The News

J. David Simons: US in denial about Hiroshima bombing

As the world commemorates the 68th anniversary of the atomic bombings of Hiroshima and Nagasaki during World War II, J. David Simons, author of bestselling novel An Exquisite Sense of What Is Beautiful, has claimed that America has never had a proper debate or introspection about this extremely difficult and sensitive subject.

He argues: 'The justification for the bombs was that they saved America from a full-scale invasion that would have resulted in the deaths of over a million lives, both American and Japanese. I believe that this is a hugely inflated figure. However, even if you were to accept that argument, why not bomb a military target rather than a city of civilians? And why the second bomb?

'However, whether or not these bombings were justified remains a moot point these days - everyone will have their own side to take. My main concern is that I don't feel America has really had a proper debate or introspection on the subject. To this day, I feel that when the US criticises other countries for their nuclear programmes, it tends to forget it still is the only country ever to have used these weapons.'

Simons, who spent seven years working and living in Japan, wrote An Exquisite Sense of What Is Beautiful to express his feeling that America is still in denial over the use of the atomic bomb on Japan. 'The main reason [I wrote the book] is the sense of injustice I have always felt about America destroying two cities and killing 200,000 civilians in just two days, not to mention the further loss of 100,000 lives caused by the firebombing of Tokyo five moths earlier. I don't think there is anything that justifies such mass destruction of innocent lives. I don't think it is an act of war that would be acceptable today.'

The full interview with J. David Simons is available here.

An Exquisite Sense of What Is Beautiful has been longlisted for The Guardian's Not the Booker prize. For more details and to vote, please click here

Major media coverage of Your Country Needs You

Your Country Needs You, our forthcoming book by James Taylor about World War I propaganda posters, has proved a big hit in UK newspapers this weekend after the Telegraph published a great article about the book.

The Telegraph's article provoked a huge amount of interest and the story about the groundbreaking research that features in Your Country Needs You was subsequently also covered in the Daily Mail, The Independent and the Daily Express.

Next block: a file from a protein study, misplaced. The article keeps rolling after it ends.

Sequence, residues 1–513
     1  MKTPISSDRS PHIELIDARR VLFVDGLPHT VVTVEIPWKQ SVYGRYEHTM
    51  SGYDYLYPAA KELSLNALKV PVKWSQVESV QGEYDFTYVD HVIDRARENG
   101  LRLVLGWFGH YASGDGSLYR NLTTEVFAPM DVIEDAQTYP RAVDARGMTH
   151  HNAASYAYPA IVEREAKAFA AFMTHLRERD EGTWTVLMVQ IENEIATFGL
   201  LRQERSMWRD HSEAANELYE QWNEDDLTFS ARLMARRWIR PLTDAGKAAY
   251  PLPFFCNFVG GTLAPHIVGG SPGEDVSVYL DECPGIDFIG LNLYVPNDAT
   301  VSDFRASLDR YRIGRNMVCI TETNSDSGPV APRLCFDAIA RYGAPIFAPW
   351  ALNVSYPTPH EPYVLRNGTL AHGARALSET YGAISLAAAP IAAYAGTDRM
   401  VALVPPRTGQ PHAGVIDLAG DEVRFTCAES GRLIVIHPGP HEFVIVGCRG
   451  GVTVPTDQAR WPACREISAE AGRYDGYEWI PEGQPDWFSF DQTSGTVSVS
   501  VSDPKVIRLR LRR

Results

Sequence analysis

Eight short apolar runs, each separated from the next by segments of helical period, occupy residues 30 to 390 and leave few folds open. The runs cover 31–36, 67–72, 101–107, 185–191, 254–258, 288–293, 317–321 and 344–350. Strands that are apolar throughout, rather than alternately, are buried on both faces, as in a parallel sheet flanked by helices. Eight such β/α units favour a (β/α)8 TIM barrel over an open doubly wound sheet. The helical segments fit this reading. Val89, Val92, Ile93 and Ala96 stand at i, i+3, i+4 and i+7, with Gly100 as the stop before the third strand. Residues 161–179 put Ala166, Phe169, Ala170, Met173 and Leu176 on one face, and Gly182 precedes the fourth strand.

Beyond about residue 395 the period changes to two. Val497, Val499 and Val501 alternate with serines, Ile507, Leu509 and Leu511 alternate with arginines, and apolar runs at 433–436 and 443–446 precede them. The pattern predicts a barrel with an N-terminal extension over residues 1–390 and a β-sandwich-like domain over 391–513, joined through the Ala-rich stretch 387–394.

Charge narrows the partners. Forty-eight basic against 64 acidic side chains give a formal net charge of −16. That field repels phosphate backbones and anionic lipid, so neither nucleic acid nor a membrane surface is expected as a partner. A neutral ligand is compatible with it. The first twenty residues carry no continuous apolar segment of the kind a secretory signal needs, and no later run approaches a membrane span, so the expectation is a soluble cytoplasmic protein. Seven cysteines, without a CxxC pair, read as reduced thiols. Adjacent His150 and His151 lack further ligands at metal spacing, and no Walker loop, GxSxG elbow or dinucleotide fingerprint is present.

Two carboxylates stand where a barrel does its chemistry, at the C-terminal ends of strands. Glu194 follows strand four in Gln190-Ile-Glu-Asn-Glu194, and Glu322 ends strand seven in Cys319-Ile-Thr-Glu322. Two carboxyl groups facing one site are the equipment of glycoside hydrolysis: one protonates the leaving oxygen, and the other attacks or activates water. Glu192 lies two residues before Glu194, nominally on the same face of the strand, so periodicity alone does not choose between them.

In the book, James reveals that the famous finger-pointing image of Lord Kitchener from World War I was, in fact, never used as an official recruitment poster - that's simply an urban myth. It actually started life as a magazine cover rather than a poster!

In an interview with the Telegraph, James said: 'There has been a massive, collective misrecollection. The image's influence now is absolutely out of all kilter with the reality of its initial impact. So many historians have used it and kept repeating how influential it was, that people have come to accept it.'

Your Country Needs You will be published on 29 August and is available for pre-order at Amazon UK. James Taylor will be appearing at a special event at the National Army Museum in London on 7 September as part of a day celebrating British war posters from the English Civil War to the present day. For more details and tickets, call 020 7881 6000.

Cellmates: helping people deal with the challenges of cancer

Cellmates: Our lessons in cancer, life, loss and love goes on sale today (August 1), and will help shine a light on how we deal with cancer in our society, at personal, professional and institutional levels. The new book follows author Rose T Clark, her partner John and their relationship with each other and with cancer.

Rose says: "It is a story of how two ordinary people live the cancer rollercoaster, the extreme lows of despair and highs of hope. It is the story of survival - of learning the practical and emotional ways to breathe in life alongside the cancer - of loss and acceptance. It is how we found strength and peace even in the darkest of times.

"I hope my honesty will help reveal the importance of the role of carers and charity support organisations in helping people with a terminal diagnosis to feel understood, without judgement or pressure, and to be supported intuitively and genuinely. If Cellmates helps even one person to deal with challenges of cancer and caring for someone with it, then this book is worth writing."

Some of Macmillan Cancer Support's 'Cancer Voices' have found the book to be both touching and useful. One said: "[Cellmates] is rich in advice, humour, hope, strategy and love... It a fantastic example of learning through experience and using this learning to help others." Another said: "Excellent in helping the reader feel that they are not alone with the cancer nightmare... If you are not a fluffy, pink-ribbon person and need a more down-to-earth approach, this book provides an excellent, truthful approach."

For every copy of Cellmates that is sold, a donation will be made to Maggie's Cancer Caring Centres and Marie Curie Cancer Care. You can buy Cellmates here or at Amazon UK.

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